SpaceX wins $2.9bn Nasa contract to land Americans on the moon

SpaceX wins $2.9bn Nasa contract to land Americans on the moon


Elon Musk’s SpaceX is set to return American astronauts to the surface of the moon, beating rival tech billionaire Jeff Bezos to one of the most prominent prizes in the commercial space race.

Nasa on Friday named SpaceX as the sole contractor to build its next lunar lander and carry out a single demonstration visit to the moon, potentially as soon as 2024.

SpaceX offered to build and operate its lander for $2.9bn, which was “significantly” less than a rival bid from Bezos’ Blue Origin, according to a Nasa document obtained by the Washington Post. A third company, Dynetics, had submitted a bid that was higher still.

The selection of a sole contractor breaks with recent Nasa practice of picking two rival projects for the most important elements of its space programme, and reflects the severe budgetary pressure the agency has been operating under as it tries to return to the moon for the first time since 1972.

“We awarded the contract to SpaceX given what we believe are realistic budgets in future years,” said Mark Kirasich, a Nasa official.

The choice of SpaceX threatens to widen the gap with other commercial space concerns, and leaves Nasa increasingly dependent on Musk’s private space company. Besides pioneering a new era of fixed-cost commercial space programmes for Nasa, SpaceX was the first to carry cargo to the International Space Station, and last year brought human space flight back to US soil for the first time since 2011 when it took Nasa astronauts to the ISS.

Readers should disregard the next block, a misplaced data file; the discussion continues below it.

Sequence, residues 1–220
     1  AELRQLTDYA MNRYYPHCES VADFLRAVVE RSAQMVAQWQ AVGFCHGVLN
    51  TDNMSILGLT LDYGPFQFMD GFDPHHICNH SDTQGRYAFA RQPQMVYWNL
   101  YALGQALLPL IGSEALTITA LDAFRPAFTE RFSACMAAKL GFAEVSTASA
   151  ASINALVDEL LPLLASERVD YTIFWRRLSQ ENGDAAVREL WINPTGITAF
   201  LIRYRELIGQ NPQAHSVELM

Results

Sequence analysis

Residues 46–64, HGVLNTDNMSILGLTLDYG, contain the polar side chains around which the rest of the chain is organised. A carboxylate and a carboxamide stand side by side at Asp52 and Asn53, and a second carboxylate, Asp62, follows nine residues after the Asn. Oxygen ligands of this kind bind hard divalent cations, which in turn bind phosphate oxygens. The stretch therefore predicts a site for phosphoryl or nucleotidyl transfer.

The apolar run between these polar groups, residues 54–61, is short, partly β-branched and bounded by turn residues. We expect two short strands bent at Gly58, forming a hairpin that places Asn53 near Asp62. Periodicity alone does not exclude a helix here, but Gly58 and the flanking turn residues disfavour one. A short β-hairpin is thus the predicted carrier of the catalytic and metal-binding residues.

Nasa officials said they were launching a review into how they can maintain competitiveness in the development of human landers, including a round of consultations with the rest of the commercial space industry. The discussions were designed to lead to a “sustainable” series of visits to the moon, following in the wake of the single SpaceX demonstration landing, they said.

Bezos had sought to align himself with some of the traditional powers of the US space industry, fronting a project to build a lunar lander alongside Lockheed Martin, Northrop Grumman and Draper.

SpaceX will use its Starship, which is under development, for the demonstration lunar landing. Despite the company’s plans to eventually use the craft for a complete journey between the Earth and Mars, its role in the landing announced on Friday will only be to take two astronauts from orbit around the moon down to the surface before returning them.

The mission is part of Nasa’s Artemis programme, which will use the giant SLS rocket being developed by Boeing, along with the Orion spacecraft from Lockheed Martin, to fly astronauts to and from a “gateway” in lunar orbit. Despite Starship’s potential to replace both of these programmes, Kirasich said Nasa had “no plans to change our architecture” and would stick with its existing plans to reach the moon.

SpaceX has suffered a number of fiery crashes this year in its first efforts to prove it can safely land the Starship. Lisa Watson-Morgan, Nasa’s programme manager for the lunar lander, said of the glitches: “As we have areas to work through, we will work through those. But right now, everything looks good.”



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